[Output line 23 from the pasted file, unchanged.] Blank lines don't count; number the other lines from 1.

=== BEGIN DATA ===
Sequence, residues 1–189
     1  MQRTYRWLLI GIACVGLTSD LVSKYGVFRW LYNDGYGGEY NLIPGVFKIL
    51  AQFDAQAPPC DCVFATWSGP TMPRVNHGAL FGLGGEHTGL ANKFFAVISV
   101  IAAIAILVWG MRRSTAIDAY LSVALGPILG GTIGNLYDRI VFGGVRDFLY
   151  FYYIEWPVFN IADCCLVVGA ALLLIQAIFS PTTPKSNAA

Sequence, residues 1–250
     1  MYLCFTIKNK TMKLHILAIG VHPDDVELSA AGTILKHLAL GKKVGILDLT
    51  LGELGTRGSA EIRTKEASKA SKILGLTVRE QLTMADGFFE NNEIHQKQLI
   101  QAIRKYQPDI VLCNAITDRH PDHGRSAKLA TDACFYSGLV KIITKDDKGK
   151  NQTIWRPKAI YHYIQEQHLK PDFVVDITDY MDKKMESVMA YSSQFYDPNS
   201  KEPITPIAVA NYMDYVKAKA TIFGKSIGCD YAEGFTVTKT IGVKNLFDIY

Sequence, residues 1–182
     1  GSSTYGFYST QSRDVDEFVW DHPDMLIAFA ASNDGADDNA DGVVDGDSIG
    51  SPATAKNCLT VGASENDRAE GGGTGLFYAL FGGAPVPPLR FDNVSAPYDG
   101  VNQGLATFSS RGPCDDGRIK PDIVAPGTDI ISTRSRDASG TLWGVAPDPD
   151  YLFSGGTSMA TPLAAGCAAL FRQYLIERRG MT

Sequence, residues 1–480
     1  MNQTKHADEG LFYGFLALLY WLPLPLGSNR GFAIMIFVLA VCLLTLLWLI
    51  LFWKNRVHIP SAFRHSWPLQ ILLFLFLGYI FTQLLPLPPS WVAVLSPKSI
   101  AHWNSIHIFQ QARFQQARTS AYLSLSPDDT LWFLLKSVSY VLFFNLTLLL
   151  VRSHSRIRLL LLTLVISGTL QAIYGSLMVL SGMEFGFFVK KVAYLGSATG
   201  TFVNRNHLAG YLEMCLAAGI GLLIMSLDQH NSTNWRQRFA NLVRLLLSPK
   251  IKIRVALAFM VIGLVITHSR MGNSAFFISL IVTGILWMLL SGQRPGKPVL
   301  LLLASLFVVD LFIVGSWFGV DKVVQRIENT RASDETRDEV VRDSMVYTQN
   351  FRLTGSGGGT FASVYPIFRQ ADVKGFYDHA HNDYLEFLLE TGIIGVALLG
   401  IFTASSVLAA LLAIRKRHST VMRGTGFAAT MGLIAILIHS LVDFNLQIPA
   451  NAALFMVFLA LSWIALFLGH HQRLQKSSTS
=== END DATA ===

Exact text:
   251  IKIRVALAFM VIGLVITHSR MGNSAFFISL IVTGILWMLL SGQRPGKPVL